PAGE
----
Menendez, Booker, Payne Announce Up to $3M in Federal Funding to Support Minority Students Pursuing STEM Careers at Bloomfield College

Menendez, Booker, Payne Announce Up to $3M in Federal Funding to Support Minority Students Pursuing STEM Careers at Bloomfield College

BLOOMFIELD, NJ – U.S. Senators Bob Menendez and Cory Booker, and Congressman Donald Payne, Jr. (NJ-10) today announced that Bloomfield College has been awarded up to $3 million over the next five years in federal funding from the U.S. Department of Education’s Predominantly Black Institutions (PBI) competitive grant program to expand and promote college success of African-American and other underrepresented students pursuing careers in the high-demand fields of science, technology, engineering and math (STEM).

“This is about investing in the future and providing greater opportunities for more students to learn and eventually earn, contribute to the economy, and ultimately create jobs,” said Sen. Menendez. “The federal funding we are announcing today will allow Bloomfield College to open more doors for more diverse students to come to this campus and innovate, create, design, build, and be on the cutting-edge of historic technological advances that may change how we live and how we communicate.”

“I’m proud that this grant will enable Bloomfield College to continue its critical work expanding educational opportunity for both prospective and current students,” said Sen. Booker. “This funding will enhance Bloomfield’s science, technology, engineering and math instruction and research capabilities while engaging students traditionally underrepresented in these critical fields. Investing in the genius of our young people and providing them with the skills and knowledge they need to succeed will always be a critical pillar of our state and our country’s success.”

“STEM is essential to the economic future of our nation, which is why it is so important to increase access to education in innovative fields for our students,” said Rep. Payne, Jr. “This federal funding will better enable Bloomfield College to improve college readiness and provide a high-quality education to our future STEM leaders.”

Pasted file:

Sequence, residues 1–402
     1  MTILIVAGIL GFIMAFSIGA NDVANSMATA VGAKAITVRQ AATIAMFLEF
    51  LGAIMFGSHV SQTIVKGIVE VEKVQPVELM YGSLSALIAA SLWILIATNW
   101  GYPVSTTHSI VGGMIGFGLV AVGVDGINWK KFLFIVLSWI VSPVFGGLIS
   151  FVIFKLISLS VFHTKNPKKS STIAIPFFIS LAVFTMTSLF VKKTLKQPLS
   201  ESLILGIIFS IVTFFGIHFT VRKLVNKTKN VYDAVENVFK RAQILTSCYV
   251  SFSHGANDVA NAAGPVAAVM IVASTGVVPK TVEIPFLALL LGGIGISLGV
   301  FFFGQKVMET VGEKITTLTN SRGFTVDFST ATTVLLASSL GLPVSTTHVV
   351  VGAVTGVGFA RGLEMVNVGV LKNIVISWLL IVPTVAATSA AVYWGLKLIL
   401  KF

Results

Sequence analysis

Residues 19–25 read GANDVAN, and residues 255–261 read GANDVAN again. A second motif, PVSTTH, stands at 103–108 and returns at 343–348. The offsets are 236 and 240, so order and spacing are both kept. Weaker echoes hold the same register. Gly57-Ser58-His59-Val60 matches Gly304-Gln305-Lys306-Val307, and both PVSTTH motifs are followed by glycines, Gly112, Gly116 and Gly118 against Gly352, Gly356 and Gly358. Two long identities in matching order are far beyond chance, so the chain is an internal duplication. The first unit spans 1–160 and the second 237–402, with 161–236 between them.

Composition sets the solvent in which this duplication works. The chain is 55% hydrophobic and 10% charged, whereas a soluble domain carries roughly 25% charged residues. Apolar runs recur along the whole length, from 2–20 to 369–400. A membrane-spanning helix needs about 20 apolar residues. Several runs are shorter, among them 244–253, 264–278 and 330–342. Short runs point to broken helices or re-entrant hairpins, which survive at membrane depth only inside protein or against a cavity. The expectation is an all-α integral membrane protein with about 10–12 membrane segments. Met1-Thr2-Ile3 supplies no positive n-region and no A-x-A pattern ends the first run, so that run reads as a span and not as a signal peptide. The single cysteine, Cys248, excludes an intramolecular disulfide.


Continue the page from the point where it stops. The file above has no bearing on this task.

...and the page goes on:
The U.S. Department of Education will make the award to Bloomfield College over a five-year period, beginning with its first installment of $600,000.

Bloomfield College plans to use the funding to expand its STEM programs for eighth grade and high school students, as well as enhance STEM programs and support services for current college students in order to:

• Improve the college readiness skills of African-American and other high-need eighth grade and high school students

• Improve the academic success and STEM knowledge of African-American and other high-need students enrolled in STEM courses

• Improve college retention and graduation rates of students, and fully prepare them for their STEM professions

• Accelerate time to degree completion

• Reduce the net cost of college

“The underrepresentation of African-American and high-need students in STEM professions has a detrimental impact on their long-term earning potential and on the financial status of their communities,” said Vice President for Academic Affairs and Dean of Faculty Dr. Tresmaine Grimes. “The new PBI grant will allow Bloomfield College to expand services that help improve the academic success, retention and graduation rates of students who are interested in pursuing STEM careers.

“Additionally, the funds will allow the College to broaden opportunities for local middle and high school students to increase their college readiness skills and exposure to STEM majors and careers. Ultimately, the grant will bolster Bloomfield College's ability to increase the number and quality of underrepresented students who pursue and obtain STEM careers, and have a positive impact on communities throughout the State of New Jersey and beyond.”

The PBI program makes grant awards to eligible institutions to plan, develop, undertake and implement programs to enhance the institution's capacity to serve more low- and middle-income African-American students; to expand higher education opportunities for eligible students by encouraging college preparation and student persistence in secondary school and postsecondary education; and to strengthen the financial ability of the institution to serve the academic needs of these students.